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National Labor Relations Board v. Yeshiva University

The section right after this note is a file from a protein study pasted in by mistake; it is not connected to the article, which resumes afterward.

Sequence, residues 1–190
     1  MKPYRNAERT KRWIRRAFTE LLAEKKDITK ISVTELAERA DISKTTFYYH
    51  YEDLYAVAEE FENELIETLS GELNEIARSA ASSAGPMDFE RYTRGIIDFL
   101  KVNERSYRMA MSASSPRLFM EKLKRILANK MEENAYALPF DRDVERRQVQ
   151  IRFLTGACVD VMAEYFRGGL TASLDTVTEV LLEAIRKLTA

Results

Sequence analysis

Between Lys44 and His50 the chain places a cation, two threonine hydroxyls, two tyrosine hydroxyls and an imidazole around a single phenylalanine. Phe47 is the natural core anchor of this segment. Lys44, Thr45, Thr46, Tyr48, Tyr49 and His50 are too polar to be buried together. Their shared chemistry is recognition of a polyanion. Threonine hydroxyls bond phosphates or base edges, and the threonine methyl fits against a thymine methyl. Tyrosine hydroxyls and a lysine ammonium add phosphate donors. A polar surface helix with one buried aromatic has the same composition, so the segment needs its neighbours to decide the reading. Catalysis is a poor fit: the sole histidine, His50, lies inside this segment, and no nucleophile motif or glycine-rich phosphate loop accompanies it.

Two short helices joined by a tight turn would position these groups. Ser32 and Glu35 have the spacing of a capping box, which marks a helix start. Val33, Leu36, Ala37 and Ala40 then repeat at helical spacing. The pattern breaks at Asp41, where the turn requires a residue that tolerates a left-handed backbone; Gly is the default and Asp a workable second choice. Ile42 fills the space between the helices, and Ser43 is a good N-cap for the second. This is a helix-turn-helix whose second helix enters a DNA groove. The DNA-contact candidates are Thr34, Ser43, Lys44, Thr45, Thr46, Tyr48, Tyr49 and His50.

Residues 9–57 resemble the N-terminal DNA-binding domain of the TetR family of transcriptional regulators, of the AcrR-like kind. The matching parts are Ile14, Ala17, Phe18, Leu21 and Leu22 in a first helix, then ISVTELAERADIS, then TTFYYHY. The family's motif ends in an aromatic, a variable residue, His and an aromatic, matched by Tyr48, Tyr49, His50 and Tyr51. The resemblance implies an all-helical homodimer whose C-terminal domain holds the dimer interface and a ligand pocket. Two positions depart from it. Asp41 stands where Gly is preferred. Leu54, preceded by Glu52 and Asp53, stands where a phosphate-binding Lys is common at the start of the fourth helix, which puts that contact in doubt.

National Labor Relations Board v. Yeshiva University (1980) stands out as perhaps the U.S. Supreme Court's most significant ruling on whether faculty members may organize and bargain collectively with officials representing their private colleges and universities. In Yeshiva, a closely divided Court affirmed that because fulltime faculty members at a private university exercised what it described as absolute authority in helping to establish guidelines with regard to such academic matters as scheduling classes, selecting teaching methods, setting grading policies, determining teaching loads, establishing pay scales and benefits packages, and deciding who is awarded tenure, promotion, and sabbaticals, they essentially exercised managerial duties. The controlling consideration in this case is that the faculty of Yeshiva University exercises authority that in any other context unquestionably would ...

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